And it is here that the cinematic adaptation touchingly and adeptly grows into more than the book ... for the Wild Things are given distinctive personalities and real emotions and, as a result, become characters with which adults can truly identify. Thanks to some good writing and some mind-boggling costumes/effects (it's seriously hard to believe that the Wild Things aren't real), viewers can feel the beasts' insecurities, their need for leadership (which is why they make Max their king) and their genuine love for the boy who becomes more than a king to them.

For this self-same reason, however, the film may not connect with children. The complex themes and emotions of 'Wild Things' may indeed be over kids' heads, too "adult" for them to grasp. Of course, a number of recent family movies, most notably this summer's Pixar masterpiece 'Up,' dealt with real adult emotions and themes ... but 'Up' also had its fair share of kids'-oriented humor, something that's missing in 'Wild Things' and, to be honest, might feel out of place were it included in the movie.

That's not to say that children won't find enjoyment in the film. They'll giggle with delight during the "wild rumpus," which features the mammoth creatures -- whom resemble oversized roosters, bulls, goats, etc. -- playfully tossing each other, uprooting trees and generally howling at the sky. And they'll surely find merriment in watching the beasts engage in a game of peg-the-Wild-Thing-with-a-dirt-bomb.

Moreover, parents need not worry that their kids will be left emotionally scarred by visions of snarling Wild Things gobbling up dear young Max. While much was made of alleged reports that kids were left terrified by the Wild Things in early test screenings last year, any potentially nightmare-inducing sequences that may have existed have now been reshot or left completely on the cutting-room floor. The creatures are, for the most part, gentle beings prone to the occasional temper tantrum and (never-delivered-upon) "I'll eat you up" threat.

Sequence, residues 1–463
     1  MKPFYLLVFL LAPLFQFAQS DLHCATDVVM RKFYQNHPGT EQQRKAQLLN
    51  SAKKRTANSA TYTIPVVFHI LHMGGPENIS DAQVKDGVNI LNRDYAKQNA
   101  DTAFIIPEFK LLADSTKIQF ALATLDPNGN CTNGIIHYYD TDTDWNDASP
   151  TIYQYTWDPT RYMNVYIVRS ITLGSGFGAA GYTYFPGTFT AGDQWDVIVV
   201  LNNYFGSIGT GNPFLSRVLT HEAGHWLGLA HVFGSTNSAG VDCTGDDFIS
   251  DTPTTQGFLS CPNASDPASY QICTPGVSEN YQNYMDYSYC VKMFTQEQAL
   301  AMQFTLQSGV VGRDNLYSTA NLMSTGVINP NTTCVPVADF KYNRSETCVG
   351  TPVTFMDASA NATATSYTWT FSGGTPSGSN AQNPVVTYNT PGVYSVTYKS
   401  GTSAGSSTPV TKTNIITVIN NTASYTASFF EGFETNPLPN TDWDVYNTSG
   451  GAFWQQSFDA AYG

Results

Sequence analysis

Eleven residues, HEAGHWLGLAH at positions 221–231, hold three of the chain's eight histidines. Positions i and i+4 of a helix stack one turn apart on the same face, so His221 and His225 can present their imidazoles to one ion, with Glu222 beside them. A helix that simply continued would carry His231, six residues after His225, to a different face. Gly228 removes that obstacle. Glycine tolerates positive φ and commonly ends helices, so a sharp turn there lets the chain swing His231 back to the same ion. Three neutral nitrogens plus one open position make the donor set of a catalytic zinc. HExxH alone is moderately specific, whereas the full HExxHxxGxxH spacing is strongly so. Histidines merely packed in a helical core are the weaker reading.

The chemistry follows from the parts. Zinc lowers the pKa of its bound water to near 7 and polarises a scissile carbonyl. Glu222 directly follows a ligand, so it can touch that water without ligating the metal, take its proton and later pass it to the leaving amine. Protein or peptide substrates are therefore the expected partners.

Still, there are some frightening parts. The movie's 12-year-old star Max Records even admitted that some of the younger children at his school were scared after a recent screening of 'Wild Things.' "There were some kids who absolutely loved it and just thought it was really amazing," he told the Huffington Post, but at certain points some of the younger kids "were just like, 'I don't want to listen to this.' They just, like, covered their ears or their eyes."

For their parts, Jonze and Sendak are unapologetic about the film, regardless of whether it's too dark for kids. Jonze himself has said this is "not a studio film for kids, or ... a traditional film about kids. We didn't have like a Movie Kid in our movie, or a Movie Performance in a Movie Kid world. We had a real kid and a real world."

Sendak more than agrees. When Newsweek asked what the author would say to parents who might think 'Wild Things' too frightening for their children, he didn't skip a beat in responding: "I would tell them to go to hell. That is a question I will not tolerate." Not one to mince words, he continued, "If they can't handle it, go home. Or wet your pants. Do whatever you like. But it's not a question that can be answered."

There you have it. According to Maurice Sendak, 'Wild Things' ISN'T too scary for children. But you might want to bring a spare pair of underpants to the theater ... just in case.